The Perks of Being A Girl

To be honest, there aren’t many.

girl

If anyone says they aren’t the slightest bit terrified to be expecting a baby girl, then they’re either: ignorant, physically powerful, or in a position of power. I am none of those.

I want my daughter to be strong. I want her to be brilliant, insightful, charming, intelligent, witty, funny, smart, opinionated, creative — you name it. I wish the world for her.

But not this world.

I’m pessimistic to say the least. I want my daughter to be confident and strong and a leader, without being a “bitch”. I never want her to be in fear of the words slut, skank, whore, tramp, bitch, any of that. I want her to live free of the constraints society implements on us as women.

“There’s no point to a guy yelling, “Hey sexy baby” at me out of the passenger window of a car as it speeds past. Even if I was into creepy misogynists and wanted to give him my number, I couldn’t. The car didn’t even slow down. But that’s okay, because he wasn’t actually hitting on me. The point wasn’t to proposition me or chat me up. The only point was to remind me, and all women, that our bodies are his to stare at, assess, comment on, even touch. “Hey sexy baby” is the first part of a sentence that finishes, “this is your daily message from the patriarchy, reminding you that your body is public property”.”  Source

My body has always looked older than it actually is. I got my period before anyone else in my elementary school, and I started wearing a bra before anyone else too.

When I was 13, I started walking to the grocery all by myself. One summer day it was hotter than hell outside, and I was wearing a tank top and shorts. I was waiting to cross the street to get home, when I got honked at. I looked to my right, and there was an old brown car with all the windows rolled down full of what appeared to be adult men. They were calling out to me, saying things like, “Hey baby girl you need a lift?” “How about you hop in with us and go for a ride.” I doubt they knew I was 13. I doubt they knew I was terrified. My heart was pounding by the time the light changed, and I walked as fast as I could across the street. To my alarm and dismay, the car was slowly following me down the sidewalk, with the men still calling out to me. After a few more calls they drove away laughing, but I wanted to cry. I thought I could have been kidnapped or raped or murdered.

When I was 17 (a senior in high school), I was sexually harassed in the middle of a crowded hallway. I was trying to get to class, and there was a group of loud obnoxious boys at the end of the hall. They were catcalling and laughing, and I was doing my best to ignore them and not make eye contact. When I had to pass by, one of them grabbed my chest and the other smacked my butt. I just hurried away, wanting to cry. A crowded hallway and no one said a word. I told school officials, but all they said was, “If you don’t know who they are then we can’t do anything about it.” Which, unfortunately, was true. I wouldn’t have been able to identify them, what did I expect the school to do? We have anti-bullying weeks, but never sexual harassment awareness. Way to go, public schools.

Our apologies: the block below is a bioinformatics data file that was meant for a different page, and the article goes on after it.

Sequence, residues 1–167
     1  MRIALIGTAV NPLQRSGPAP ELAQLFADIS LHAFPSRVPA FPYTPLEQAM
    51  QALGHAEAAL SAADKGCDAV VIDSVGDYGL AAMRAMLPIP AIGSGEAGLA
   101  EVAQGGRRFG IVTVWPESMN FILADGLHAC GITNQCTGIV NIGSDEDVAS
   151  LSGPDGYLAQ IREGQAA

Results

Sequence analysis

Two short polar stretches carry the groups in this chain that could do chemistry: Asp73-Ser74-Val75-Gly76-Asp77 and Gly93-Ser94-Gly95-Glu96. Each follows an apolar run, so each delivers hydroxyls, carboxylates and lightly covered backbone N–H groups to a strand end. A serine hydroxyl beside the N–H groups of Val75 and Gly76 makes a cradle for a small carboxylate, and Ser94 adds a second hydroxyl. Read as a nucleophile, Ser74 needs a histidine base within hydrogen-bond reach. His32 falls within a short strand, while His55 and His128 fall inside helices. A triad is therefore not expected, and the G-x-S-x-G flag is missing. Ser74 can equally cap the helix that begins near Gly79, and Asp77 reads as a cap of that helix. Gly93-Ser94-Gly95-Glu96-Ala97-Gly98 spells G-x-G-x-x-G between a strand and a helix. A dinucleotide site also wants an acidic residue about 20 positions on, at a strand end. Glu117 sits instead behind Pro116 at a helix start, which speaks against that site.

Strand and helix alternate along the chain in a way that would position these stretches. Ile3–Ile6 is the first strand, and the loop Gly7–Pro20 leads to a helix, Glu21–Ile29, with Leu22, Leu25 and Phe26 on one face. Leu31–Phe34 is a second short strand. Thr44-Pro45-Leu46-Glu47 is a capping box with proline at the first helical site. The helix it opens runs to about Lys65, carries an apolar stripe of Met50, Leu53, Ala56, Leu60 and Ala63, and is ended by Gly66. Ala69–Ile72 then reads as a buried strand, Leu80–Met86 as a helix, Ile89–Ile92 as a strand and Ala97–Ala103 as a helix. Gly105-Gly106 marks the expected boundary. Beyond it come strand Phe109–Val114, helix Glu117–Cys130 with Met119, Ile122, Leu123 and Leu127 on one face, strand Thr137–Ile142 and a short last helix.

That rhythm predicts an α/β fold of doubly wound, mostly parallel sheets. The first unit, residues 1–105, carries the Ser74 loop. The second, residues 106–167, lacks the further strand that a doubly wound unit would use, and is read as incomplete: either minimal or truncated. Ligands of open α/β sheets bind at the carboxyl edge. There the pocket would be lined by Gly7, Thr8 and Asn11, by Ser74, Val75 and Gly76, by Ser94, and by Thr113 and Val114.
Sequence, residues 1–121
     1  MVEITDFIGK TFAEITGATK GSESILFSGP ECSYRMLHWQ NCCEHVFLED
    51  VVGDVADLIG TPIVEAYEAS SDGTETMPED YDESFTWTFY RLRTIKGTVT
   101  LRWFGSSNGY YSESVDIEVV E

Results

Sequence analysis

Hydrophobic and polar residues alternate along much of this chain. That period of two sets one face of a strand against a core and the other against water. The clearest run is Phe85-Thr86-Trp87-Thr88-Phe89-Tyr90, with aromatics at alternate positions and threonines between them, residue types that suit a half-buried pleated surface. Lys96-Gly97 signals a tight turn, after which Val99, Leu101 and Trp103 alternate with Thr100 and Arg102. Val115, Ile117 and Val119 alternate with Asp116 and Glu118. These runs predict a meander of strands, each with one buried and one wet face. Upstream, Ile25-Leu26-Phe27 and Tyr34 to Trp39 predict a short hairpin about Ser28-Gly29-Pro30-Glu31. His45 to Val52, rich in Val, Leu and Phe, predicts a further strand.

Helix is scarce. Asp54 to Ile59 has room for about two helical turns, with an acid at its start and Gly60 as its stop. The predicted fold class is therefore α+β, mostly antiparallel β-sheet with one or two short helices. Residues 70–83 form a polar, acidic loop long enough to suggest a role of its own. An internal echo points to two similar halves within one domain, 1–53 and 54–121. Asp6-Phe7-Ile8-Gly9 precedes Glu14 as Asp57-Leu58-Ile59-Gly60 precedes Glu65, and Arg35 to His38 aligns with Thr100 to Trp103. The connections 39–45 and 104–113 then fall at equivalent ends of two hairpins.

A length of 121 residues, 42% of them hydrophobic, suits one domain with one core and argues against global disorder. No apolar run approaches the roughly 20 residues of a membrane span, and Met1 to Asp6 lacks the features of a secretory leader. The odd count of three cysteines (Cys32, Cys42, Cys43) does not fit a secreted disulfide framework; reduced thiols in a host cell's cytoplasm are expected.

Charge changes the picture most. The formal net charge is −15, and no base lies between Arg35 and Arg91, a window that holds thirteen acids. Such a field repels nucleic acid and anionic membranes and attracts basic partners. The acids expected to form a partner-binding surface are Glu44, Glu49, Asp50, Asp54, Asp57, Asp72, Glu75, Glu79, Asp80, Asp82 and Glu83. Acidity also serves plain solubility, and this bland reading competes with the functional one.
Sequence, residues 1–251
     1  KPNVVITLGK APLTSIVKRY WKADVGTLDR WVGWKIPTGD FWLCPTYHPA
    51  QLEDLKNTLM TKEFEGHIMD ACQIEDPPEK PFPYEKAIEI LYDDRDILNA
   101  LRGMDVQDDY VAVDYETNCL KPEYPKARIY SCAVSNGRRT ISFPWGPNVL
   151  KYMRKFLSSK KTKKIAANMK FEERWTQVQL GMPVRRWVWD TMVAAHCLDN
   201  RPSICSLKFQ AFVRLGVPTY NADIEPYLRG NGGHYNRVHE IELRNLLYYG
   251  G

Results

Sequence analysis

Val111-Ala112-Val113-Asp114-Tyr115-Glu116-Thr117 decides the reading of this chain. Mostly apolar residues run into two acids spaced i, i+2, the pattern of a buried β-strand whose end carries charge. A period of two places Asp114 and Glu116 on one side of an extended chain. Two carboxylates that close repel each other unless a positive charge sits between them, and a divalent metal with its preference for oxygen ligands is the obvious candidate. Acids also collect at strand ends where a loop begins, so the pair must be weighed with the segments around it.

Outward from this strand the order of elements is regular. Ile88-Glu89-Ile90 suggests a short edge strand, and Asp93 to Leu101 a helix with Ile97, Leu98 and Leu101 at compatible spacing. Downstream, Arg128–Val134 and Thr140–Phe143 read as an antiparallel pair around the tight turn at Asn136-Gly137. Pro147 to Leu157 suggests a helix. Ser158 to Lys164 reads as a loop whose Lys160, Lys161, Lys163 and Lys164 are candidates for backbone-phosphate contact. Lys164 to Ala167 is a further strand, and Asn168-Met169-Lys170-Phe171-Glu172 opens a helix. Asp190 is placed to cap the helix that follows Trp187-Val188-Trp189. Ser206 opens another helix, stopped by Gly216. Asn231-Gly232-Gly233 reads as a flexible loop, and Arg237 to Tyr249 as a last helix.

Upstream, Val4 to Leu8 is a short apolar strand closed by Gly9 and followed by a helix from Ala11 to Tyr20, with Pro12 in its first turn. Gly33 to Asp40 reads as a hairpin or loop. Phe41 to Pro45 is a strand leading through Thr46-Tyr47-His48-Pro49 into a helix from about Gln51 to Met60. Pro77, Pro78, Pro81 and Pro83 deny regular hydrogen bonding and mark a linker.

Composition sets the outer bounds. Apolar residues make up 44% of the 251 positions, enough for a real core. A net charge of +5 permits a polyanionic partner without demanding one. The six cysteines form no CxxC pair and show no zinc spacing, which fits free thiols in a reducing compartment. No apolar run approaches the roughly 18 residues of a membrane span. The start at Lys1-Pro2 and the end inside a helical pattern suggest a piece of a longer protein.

I think of these moments in my life, and many more, and I’m terrified. If anything happens to my daughter, I don’t want to be the one to say, “If you don’t know who it is, then we can’t do anything about it.” I don’t want her to think people can attack her and just get away with it. I don’t want anyone to make her sad. I don’t want the same things that happened to me to happen to my beautiful baby girl. I don’t want her to face what I had to. It breaks my heart just thinking about it.

I talked to my boyfriend about a dream I had the other night. I dreamed my daughter grew up to be a successful UFC fighter. Not the typical dream a mother would have, I know. But I believe I dreamed of it because I want her to be strong. I want to have the peace of mind knowing that if my daughter walks down the street she’ll be able to take care of herself. When she leaves the house I want to be able to say “Have fun” without tacking on “–and stay safe”.

Some people think it’s too early to be thinking about these things, but it’s not. Even if I wanted to put these things out of my mind I wouldn’t be able to. I guess that’s what being a mother is — worrying about your child even when she’s still a fetus.

All I know is that I’ll do everything in my power to make her strong, in every sense of the word.

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